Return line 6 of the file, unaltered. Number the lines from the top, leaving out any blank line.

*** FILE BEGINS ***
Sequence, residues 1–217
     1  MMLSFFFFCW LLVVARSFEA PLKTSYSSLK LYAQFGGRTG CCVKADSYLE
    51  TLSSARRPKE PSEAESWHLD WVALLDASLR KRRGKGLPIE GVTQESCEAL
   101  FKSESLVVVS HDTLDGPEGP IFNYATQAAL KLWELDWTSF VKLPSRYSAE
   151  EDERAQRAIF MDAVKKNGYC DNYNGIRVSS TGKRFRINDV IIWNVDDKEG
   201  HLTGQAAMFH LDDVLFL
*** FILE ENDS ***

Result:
   201  HLTGQAAMFH LDDVLFL